They are reading your emails, Turkey vs the Net, UC Browser is BIG! – Global Roundup

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Turkey Blocks Google DNS, YouTube Could Be Next (TechCrunch)

turkey-twitterAll of us Twitter lovers should spare a thought for those in Turkey who, since last week, are being forced to go without by the powers that be. The move however is said to have backfired, as the news only made Twitter more popular amoung those that hadn’t bothered with it yet. It also resulted in the global community offering Turkish users of alternative means to get to Twitter. Means like Google DNS. But the government is catching up to these methods and effecting more blocking. In fact Google itself might face a YouTube block!


World’s most popular mobile browser from China soars past the half billion user mark as it picks up steam overseas (TechInAsia)

uc-browserIf, like me, your low cost Android phone hails from a certain Asian country that supplies lots of low cost devices locally, then you don’t need an introduction to UC Browser. The browser is the easily the most installed in these parts, probably neck and neck with Opera Mini on the low cost devices. But no need to speculate; passed the 500 million global quarterly active user mark. 300  million of those, according to the company, are on Android.

China is a big country of course and so goes without saying that most of those users are home users. As much as 65%, (325m) says the TechInAsia article.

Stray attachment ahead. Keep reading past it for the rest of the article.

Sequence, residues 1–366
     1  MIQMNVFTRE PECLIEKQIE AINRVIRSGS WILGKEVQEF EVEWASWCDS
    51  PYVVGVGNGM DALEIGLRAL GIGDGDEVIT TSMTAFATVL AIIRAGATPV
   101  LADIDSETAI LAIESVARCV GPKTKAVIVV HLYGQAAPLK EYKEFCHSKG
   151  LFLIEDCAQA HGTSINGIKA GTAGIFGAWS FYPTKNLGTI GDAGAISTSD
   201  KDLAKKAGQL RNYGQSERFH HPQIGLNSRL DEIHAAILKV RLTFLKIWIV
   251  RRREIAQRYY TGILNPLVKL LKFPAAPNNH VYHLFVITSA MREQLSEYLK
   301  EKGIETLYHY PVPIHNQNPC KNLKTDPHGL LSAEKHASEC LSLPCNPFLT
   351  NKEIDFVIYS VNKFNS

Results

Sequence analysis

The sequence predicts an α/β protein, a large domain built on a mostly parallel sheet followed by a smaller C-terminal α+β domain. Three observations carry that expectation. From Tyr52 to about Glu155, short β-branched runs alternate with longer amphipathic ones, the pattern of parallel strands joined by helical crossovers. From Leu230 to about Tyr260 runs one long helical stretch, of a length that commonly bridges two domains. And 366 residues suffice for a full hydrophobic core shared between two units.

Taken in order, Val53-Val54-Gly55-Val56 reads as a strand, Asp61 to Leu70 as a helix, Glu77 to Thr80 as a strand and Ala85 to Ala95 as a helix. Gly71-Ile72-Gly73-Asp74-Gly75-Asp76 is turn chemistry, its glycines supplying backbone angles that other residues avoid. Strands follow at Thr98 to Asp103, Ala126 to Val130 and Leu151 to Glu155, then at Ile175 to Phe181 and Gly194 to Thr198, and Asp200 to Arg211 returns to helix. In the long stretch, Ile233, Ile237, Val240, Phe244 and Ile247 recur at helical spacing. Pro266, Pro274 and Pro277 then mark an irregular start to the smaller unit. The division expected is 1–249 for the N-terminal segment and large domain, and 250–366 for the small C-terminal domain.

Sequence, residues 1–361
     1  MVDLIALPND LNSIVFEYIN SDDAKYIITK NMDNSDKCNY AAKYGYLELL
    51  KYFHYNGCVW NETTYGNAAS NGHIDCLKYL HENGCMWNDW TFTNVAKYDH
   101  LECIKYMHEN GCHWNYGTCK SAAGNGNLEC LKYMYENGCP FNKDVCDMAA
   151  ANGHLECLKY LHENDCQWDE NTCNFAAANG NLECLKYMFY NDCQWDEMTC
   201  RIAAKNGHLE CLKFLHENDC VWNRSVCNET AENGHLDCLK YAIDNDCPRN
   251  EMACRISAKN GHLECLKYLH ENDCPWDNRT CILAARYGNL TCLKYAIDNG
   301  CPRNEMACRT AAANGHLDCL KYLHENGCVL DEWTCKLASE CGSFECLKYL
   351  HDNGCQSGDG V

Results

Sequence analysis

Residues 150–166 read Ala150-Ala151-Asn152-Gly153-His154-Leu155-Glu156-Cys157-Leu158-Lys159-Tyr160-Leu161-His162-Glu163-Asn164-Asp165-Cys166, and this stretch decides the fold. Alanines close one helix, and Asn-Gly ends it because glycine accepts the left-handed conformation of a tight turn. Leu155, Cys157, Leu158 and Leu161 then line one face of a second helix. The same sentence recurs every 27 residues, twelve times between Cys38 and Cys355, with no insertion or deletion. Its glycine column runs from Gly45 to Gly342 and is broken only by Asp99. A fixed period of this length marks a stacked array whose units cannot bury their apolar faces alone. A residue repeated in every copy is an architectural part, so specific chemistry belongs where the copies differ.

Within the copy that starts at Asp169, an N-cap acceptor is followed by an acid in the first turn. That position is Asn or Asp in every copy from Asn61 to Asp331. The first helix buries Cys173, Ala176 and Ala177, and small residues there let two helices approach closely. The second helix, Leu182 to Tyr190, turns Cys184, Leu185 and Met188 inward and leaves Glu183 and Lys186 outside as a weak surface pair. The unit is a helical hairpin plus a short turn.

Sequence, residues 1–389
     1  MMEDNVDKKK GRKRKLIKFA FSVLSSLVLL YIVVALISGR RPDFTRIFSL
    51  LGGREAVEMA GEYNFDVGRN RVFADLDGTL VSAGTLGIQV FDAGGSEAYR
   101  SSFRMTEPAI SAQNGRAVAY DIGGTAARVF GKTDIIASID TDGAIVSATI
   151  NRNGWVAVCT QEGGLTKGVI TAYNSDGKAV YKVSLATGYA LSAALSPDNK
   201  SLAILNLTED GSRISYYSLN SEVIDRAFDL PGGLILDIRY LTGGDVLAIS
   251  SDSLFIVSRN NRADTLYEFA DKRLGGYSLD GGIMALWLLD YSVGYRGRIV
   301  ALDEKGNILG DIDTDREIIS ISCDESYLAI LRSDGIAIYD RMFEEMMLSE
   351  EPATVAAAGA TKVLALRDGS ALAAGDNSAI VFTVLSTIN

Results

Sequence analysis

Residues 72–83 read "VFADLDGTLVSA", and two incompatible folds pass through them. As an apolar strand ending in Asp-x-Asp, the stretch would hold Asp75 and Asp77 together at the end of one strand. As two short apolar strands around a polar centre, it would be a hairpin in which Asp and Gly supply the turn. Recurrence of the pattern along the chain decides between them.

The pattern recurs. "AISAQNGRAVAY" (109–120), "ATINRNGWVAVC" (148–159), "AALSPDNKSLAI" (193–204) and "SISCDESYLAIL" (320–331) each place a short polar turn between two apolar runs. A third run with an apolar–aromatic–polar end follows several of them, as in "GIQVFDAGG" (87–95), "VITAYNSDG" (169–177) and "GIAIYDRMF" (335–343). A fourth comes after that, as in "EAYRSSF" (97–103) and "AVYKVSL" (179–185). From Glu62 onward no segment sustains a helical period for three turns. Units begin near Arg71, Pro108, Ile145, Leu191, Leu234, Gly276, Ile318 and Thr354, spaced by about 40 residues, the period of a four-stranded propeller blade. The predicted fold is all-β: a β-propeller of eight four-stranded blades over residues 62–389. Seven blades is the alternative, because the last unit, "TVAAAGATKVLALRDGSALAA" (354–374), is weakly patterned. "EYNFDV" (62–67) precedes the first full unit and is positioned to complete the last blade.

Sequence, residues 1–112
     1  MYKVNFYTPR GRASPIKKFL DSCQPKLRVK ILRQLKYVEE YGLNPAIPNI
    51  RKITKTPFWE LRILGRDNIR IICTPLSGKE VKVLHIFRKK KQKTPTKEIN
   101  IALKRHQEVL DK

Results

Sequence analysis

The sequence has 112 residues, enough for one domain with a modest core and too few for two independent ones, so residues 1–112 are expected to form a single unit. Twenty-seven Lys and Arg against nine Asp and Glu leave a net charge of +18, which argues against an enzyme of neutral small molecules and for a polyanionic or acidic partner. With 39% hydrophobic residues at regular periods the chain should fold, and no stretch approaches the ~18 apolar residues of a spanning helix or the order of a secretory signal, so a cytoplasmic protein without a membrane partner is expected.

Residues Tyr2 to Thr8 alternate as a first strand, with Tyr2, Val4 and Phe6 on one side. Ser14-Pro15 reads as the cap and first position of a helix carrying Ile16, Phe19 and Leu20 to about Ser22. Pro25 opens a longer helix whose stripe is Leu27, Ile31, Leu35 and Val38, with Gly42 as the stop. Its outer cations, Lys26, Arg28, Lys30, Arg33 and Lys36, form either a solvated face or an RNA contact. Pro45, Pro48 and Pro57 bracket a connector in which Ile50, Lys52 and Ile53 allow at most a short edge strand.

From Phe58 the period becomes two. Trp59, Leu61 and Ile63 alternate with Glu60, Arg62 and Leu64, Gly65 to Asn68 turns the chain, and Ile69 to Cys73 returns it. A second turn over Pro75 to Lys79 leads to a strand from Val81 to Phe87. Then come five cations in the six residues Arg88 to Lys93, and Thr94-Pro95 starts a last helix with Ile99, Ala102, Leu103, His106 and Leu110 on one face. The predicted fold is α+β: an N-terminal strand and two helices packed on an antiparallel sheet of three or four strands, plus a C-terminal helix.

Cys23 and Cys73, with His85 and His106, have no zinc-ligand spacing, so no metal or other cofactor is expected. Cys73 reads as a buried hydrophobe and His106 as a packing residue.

Microsoft, Google will read your email without any outside legal pressure (Uncrunched)

outlookSo last week Microsoft essentially admitted to reading a blogger’s hotmail account because they wanted to know the contents of comms the guy had with Microsoft staff. In attempt to justify this action, they said: “As part of the investigation, we undertook a limited review of this third party’s Microsoft operated accounts. While Microsoft’s terms of service make clear our permission for this type of review, this happens only in the most exceptional circumstances. ”

But Microsoft is not alone in this shady behaviour says Mike Arrington. He explained in this post. Google, while chasing the source of a leak within the company, apparently opened Arrington’s Gmail without his knowledge. Yahoo and Apple do too.


One response

  1. YetAnotherGuest

    Of course they do. That is why some healthcare and government institutions block access to webmail from their internal systems and have policies to prevent this access

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